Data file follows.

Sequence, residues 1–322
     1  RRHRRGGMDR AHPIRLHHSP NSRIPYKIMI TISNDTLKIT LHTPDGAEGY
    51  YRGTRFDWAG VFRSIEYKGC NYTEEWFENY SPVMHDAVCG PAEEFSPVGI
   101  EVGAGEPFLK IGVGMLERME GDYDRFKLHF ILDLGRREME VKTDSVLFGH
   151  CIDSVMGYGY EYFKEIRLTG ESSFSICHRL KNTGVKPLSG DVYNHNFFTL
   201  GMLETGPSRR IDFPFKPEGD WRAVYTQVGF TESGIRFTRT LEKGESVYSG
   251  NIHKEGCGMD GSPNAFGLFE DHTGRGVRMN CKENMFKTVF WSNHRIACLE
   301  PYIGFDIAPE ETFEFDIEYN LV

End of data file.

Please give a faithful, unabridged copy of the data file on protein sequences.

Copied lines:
Sequence, residues 1–322
     1  RRHRRGGMDR AHPIRLHHSP NSRIPYKIMI TISNDTLKIT LHTPDGAEGY
    51  YRGTRFDWAG VFRSIEYKGC NYTEEWFENY SPVMHDAVCG PAEEFSPVGI
   101  EVGAGEPFLK IGVGMLERME GDYDRFKLHF ILDLGRREME VKTDSVLFGH
   151  CIDSVMGYGY EYFKEIRLTG ESSFSICHRL KNTGVKPLSG DVYNHNFFTL
   201  GMLETGPSRR IDFPFKPEGD WRAVYTQVGF TESGIRFTRT LEKGESVYSG
   251  NIHKEGCGMD GSPNAFGLFE DHTGRGVRMN CKENMFKTVF WSNHRIACLE
   301  PYIGFDIAPE ETFEFDIEYN LV